04 June, 2012

2011 Xinshengli "Xikong Autumn" and 2011 Charen "Bangwei Spring"

I'm always tremendously happy when new pu'er merchants enter the market.  I'm happier still when the merchants happen to be people whose exploits I've been following, and enjoying, through their previous writings.  It seems that many tea enthusiasts start out writing and end up selling things (Teamasters, Tea Habitat, Essence of Tea, Mandarin's Tea, to name just those that come to mind). In this instance, the merchant is Tea Urchin, run by an excellent chap named Eugene, who started out writing the blog of the same name.  I have long enjoyed his humane and humourous writing style, which brings to life the little villages of Yunnan that he has visited.

(I would be dreadful at selling things, and so please don't expect there to be any "Half Dipper" cakes in the future...)

2011 Xinshengli Xikong

Eugene kindly sent me a parcel filled with samples, which I offered to buy, but which he instead offered in trade for some of my own cakes.  Although I started out with some other samples from his collection, I thought that I would present this pair of Xikong and Bangwei cakes first, as I found them to be particularly tasty, and I'd like to show my appreciation for Eugene's enterprise by starting on a high note.  (He wrote, ominously.)

2011 Xinshengli Xikong

Xinshengli is a lesser brand of cake, from which Tea Urchin sells a trio for tasting.  The price is quite respectable, being $33/200g at the time of writing.  For the money, we get some pretty leaves, as pictured above.  Notably, they have a fruity, gentle scent that slowly builds up in the room to tell us that they are still very much alive.

2011 Xinshengli Xikong

I can't say that I've tried a huge amount of Xikong tea, but that which I have has mostly come from Yunnan Sourcing.  I have invariably loved it, with its rustic, somewhat "granary" character and substantial body, combined with solid fruitiness.  However, all of the cakes that I've tried have been autumnal - including, now, this version from Xinshengli.  Does no-one go to Xikong for the spring leaves?!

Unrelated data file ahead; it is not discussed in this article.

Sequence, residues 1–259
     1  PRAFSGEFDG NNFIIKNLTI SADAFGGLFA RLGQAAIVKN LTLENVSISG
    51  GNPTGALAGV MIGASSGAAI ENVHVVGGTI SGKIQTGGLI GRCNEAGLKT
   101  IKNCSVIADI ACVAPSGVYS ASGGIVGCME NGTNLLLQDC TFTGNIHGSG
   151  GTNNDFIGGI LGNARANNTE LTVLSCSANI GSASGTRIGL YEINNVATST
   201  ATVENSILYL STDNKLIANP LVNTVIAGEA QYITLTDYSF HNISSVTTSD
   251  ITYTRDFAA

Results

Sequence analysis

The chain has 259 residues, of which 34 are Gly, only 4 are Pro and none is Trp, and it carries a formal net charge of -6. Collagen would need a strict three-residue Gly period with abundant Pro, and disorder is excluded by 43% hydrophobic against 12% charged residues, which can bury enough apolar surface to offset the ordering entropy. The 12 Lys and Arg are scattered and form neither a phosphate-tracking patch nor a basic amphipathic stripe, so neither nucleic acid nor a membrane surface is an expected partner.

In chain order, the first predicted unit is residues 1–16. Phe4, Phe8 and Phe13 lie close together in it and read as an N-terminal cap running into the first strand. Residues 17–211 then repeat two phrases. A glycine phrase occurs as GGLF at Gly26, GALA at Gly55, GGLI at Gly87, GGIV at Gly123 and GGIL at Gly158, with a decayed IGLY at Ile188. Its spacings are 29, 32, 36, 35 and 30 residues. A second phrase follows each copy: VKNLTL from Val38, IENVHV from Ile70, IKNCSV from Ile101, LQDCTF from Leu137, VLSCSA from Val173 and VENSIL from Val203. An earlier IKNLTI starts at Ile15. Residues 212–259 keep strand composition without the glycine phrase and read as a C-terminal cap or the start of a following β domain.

2011 Xinshengli Xikong

The soup is, as we might expect from autumnal teas, rather orange.  The potent, clean thrills of springtime leaves are absent, but this cake contains plenty of character.  Eugene notes a "bubblegum" scent, but I would describe it as being something closer to sweet cereal - it certainly has none of the artificial characteristics that I would associate with bubblegum, for instance.  

I am also struck by the clean. long, and almost effervescent notes that land in the nose - it is a very lively tea.  It tastes rather like the solid little hand-made cake that it is: there is a clean, green, white-sugar sweetness to its body, and, happily, a very definite kuwei [good bitterness], which makes it bold and strong.

The tongue tingles and feels somewhat numb, as after eating flower-pepper [huajiao].  It is not a weak autumnal tea by any means.

2011 Xinshengli Xikong